Science Fair Project Encyclopedia
About 30, including:
Tilia americana - Basswood or American Linden
Tilia cordata - Small-leaved lime
Tilia mongolica - Mongolian linden
Tilia platyphyllos - Large-leaved lime
Tilia tomentosa - Silver linden
Tilia is a genus of about 30 species of tree. Traditionally (i.e. under the Cronquist classification system), this genus was placed in the family Tiliaceae . The modern APG system incorporates this family into the Malvaceae.
The trees are generally called linden in North America, and lime in Britain. Both names are derived from the Germanic root lind. The modern forms in English derive from linde or linne in Anglo Saxon and old Norse, and in Britain the word morphed more recently to the modern British form lime. In the United States, the modern German name linden, from the same root, became more common, partly to avoid confusion with any other uses of the name. Neither the name nor the tree is in any way related to the citrus fruit called "lime" (Citrus aurantifolia).
In the United States, another widely-used common name for T. americana is Basswood, derived from bast, the name for the inner bark (see Uses, below).
The lindens are large deciduous trees, reaching typically 20-40m tall, with oblique-cordate leaves 6-20cm across, and are found through the north temperate regions. Members of the genus include:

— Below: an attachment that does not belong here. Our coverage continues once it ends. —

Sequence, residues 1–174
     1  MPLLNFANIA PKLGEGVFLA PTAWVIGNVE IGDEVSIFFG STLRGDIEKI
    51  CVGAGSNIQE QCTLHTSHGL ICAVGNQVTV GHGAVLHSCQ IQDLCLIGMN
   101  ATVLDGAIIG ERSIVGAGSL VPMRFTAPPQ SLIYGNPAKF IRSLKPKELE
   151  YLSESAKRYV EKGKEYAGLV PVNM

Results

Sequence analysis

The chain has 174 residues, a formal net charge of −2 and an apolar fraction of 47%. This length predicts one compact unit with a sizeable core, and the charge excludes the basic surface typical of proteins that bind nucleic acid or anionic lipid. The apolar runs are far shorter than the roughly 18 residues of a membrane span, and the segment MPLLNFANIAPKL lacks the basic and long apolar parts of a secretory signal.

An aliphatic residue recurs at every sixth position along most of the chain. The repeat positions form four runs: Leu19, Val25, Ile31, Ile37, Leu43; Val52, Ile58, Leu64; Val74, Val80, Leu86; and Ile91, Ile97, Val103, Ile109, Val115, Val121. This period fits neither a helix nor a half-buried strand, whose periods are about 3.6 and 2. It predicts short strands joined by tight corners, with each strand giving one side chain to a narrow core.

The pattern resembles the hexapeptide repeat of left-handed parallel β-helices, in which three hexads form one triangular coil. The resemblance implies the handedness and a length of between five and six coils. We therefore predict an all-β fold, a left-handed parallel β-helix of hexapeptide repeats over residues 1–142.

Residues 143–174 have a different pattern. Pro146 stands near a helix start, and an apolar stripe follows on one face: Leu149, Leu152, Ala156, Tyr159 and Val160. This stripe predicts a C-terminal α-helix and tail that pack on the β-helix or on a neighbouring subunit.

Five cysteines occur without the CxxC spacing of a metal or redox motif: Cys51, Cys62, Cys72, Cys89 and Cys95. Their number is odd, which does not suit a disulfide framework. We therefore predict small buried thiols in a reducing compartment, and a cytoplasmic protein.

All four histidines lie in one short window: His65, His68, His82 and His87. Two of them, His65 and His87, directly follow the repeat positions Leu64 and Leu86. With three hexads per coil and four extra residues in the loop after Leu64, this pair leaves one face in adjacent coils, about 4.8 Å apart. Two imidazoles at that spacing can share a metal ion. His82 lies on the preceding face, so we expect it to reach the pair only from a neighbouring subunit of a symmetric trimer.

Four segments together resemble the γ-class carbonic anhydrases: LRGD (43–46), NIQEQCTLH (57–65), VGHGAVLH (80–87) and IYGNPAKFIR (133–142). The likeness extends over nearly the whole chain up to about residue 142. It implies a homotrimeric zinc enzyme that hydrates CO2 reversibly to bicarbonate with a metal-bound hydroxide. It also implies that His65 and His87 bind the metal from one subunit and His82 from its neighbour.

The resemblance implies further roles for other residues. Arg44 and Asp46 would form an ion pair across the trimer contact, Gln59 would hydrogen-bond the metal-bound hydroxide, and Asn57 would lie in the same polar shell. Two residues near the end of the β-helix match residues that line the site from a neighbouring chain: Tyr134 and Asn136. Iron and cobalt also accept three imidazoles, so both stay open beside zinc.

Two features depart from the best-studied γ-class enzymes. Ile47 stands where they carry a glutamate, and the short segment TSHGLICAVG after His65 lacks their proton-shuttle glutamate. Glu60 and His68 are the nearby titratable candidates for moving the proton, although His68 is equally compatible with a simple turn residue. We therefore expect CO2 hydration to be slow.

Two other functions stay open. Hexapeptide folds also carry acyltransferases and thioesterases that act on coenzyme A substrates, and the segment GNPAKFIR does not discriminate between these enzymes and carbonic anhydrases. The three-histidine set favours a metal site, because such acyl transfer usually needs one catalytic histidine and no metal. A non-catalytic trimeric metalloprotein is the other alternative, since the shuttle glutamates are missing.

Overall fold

- Basswood or American Linden, Tilia americana
- Common Lime , Tilia x europaea (hybrid T. cordata x T. platyphyllos)
- Mongolian Linden, Tilia mongolica
- Silver Linden, Tilia tomentosa
- Small-leaved lime or Little-leaf Linden Tilia cordata
- Large-leaved lime Tilia platyphyllos
The tree produces a fragrant and nectar-producing flowers, the medicinal herb Lime Blossom. They are very important honey plants for beekeepers, producing a very pale but richly flavoured honey. The flowers are also used for herbal tea. T. cordata is the preferred species for medical use; having a high concentration of active compounds. The leaf buds and young leaves are also edible raw.
The timber of lime trees is soft and easily worked. It is known in the trade as basswood, particularly in North America. This name originates from the inner fibrous bark of the tree, known as bast (Old English language). Fibre was obtained from the younger wood of the tree.
- Dragostea Din Tei - a Romanian/Moldovan song referring to lindens
- Unter den Linden - an avenue of lindens in Berlin, Germany
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